The Real Story of Social Media

Every beginning has a story and social media is no exception. Advertisers and marketers of yesteryear, today grandparents, wrote down their contacts in a notebook, based many of their strategies on intuition and relied on word of mouth without being able to measure it. Today commercial campaigns are almost personalized and recommendations are measured in “likes”. The gold mine that allows all this are those huge databases also known as social networks.

Why did Facebook buy Instagram in 2012 for US $ 1 billion and WhatsApp two years later for US $ 20 billion? Why do some giants like Google or Microsoft pay hundreds of millions for social networks like Linkedin or YouTube? Not only because of some algorithms that allow them to be handled, but also because of the contact networks included there. The big business is not in the sale of advertising on the walls, but in the data … the oil of the digital age that we live in.

In fact, the largest database in the world is Facebook, a social network valued at US $ 73.2 billion and which makes its creator Marc Zukerberg the fifth richest person in the world.


The history of what we know today as social networks can be traced since the creation of the Internet, or even before … With the telegraph. Certainly, when Samuel Morse sent the first telegraph in 1844, remote communications began, which were enhanced with the sending of the first email in 1971. But in neither of these two cases did we have a network of linked contacts sharing data.

Arpanet (Advanced Research Projects Agency Network) would fit better as a predecessor, because it allowed the exchange of information between universities before the www.

By being more strict with what fits as a social network, we could track real parents in the 1990s.

Various technology blogs agree that the first social network was Six Degrees, created in 1997. It was a website where people could be linked under profiles, but with a much more limited scope than what Twitter, Instagram or Snapchat has today.

There were other previous efforts such as Geocities (1994) and Classmates (1995) to link former students to their colleges. All of them great strangers for whom we did not even dream of waking up seeing Facebook notifications, as we do now.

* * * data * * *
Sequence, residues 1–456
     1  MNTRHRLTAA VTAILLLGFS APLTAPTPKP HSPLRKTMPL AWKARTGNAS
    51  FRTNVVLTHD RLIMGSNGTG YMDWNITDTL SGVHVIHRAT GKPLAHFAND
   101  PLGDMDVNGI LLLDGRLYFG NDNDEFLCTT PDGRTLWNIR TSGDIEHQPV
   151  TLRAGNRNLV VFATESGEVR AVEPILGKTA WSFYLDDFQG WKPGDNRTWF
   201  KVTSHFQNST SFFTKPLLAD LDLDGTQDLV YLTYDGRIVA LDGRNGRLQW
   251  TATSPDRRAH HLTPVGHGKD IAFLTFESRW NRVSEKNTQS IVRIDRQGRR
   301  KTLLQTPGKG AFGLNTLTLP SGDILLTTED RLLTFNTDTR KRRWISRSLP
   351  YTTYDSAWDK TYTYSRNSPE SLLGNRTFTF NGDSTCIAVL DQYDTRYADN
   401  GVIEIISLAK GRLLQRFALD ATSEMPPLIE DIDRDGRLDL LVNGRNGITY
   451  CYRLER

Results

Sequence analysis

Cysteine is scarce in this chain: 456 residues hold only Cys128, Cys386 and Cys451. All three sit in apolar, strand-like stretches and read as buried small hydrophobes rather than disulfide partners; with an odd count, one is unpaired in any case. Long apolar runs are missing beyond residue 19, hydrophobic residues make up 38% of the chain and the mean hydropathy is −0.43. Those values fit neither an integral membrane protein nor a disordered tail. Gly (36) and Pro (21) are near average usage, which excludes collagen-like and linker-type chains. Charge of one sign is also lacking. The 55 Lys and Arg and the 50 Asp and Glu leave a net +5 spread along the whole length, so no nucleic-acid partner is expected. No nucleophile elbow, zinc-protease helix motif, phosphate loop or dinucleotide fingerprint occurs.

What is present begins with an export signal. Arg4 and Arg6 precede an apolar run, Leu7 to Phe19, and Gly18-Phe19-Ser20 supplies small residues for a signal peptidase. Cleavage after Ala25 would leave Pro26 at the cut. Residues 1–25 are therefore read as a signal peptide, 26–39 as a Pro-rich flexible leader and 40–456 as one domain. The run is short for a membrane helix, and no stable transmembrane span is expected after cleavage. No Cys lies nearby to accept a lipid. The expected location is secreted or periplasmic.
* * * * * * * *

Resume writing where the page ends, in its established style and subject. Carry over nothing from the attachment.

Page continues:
At the beginning of the next decade, in 2001, they say that was created, a network to take advantage of professional contacts. The following year, LinkedIn emerged, which became the queen of work connections. Also from this era is and Friendster. But we continue to refer to niche products, unknown by the vast majority of Internet users.


I look at you, I like you, I buy you a coffee and we talk listening to The Beatles. You tell me your day, you show me how awful lunch was at the office and you give me a flower. All without putting faces face to face, in the real world. This, which is everyday today for thousands of thousands of people, was born and flourished 15 years ago.

Before entering the Hardward dormitories where Marc Zukerberg and his friends created a network to link university students (, in 2003 – everyone’s friend-, Tom Anderson with, Chris DeWolfe and Jon Hart created MySpace. This social network reached its peak in 2008 with some 76 million visitors from around the world.

MySpace became the most popular for just over three years as it allowed sharing of music videos by fashion artists. A good part of its success was also achieved thanks to the impulse that it was given to have been bought in July 2005 for $ 580 million by News Corporation. By June 2011 it had already dropped to half its followers, lost its leadership, and was sold to Specific Media for much less: $ 35 million in stock and some cash. These new owners included none other than the well-known singer Justin Timberlake.

In 2016 the company changed its main owner and became part of Time Inc., a publishing company. Yes, MySpace still exists and maintains that style that allows you to share videos and music of celebrities, but, ironies of life: One can register using the Facebook profile.

As MySpace fell, Facebook gained popularity and skyrocketed. By 2008 it reached 100 million users, but it was only the following year that they created the characteristic “like” button.

Ten years later, it exceeded 2 billion active users per month worldwide, making it the most popular network in the world.

And although other very popular networks have emerged, such as Snapchat in 2011, they only have ten times fewer users and still cannot take away the crown of popularity, something that has been used by companies around the world, as the main marketing tool .

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